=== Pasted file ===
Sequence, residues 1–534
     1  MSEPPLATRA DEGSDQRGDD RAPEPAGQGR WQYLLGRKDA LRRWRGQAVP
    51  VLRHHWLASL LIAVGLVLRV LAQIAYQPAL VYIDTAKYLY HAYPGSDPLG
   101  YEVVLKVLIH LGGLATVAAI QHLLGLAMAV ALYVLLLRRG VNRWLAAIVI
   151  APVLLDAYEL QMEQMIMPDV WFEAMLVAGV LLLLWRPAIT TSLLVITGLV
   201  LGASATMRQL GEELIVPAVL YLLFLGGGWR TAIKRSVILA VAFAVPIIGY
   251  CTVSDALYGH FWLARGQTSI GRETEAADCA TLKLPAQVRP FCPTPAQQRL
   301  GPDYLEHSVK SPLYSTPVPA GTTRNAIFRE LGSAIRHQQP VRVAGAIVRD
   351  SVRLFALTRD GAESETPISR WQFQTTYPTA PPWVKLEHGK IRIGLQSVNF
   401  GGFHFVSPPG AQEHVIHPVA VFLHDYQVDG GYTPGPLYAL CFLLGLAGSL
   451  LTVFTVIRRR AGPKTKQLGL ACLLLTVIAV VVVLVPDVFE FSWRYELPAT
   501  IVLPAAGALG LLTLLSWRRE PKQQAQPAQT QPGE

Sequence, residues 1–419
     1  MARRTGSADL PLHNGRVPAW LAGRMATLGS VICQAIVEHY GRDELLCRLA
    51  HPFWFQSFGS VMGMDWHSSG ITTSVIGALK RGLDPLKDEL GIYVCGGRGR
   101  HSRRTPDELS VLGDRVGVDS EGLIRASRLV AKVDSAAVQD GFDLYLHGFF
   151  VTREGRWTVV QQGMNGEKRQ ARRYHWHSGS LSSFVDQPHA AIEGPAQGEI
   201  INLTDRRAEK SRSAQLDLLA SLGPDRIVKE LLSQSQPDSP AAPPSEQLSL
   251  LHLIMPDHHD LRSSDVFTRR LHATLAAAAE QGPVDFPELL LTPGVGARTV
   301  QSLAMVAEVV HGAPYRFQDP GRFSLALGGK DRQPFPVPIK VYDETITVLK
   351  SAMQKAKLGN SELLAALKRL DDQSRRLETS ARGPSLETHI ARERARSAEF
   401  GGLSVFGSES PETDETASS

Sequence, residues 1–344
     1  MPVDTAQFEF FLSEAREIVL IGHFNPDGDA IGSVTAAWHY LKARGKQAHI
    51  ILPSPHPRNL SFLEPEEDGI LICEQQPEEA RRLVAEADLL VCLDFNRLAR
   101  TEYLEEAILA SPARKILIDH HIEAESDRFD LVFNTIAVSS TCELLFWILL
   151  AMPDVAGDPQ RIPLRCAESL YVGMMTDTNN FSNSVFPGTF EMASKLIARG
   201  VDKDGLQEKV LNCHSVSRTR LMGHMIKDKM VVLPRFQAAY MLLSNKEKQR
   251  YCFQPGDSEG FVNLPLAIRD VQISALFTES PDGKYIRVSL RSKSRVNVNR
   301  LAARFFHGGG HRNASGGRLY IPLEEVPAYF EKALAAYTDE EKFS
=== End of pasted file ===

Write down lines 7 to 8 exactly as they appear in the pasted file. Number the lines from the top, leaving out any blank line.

   251  CTVSDALYGH FWLARGQTSI GRETEAADCA TLKLPAQVRP FCPTPAQQRL
   301  GPDYLEHSVK SPLYSTPVPA GTTRNAIFRE LGSAIRHQQP VRVAGAIVRD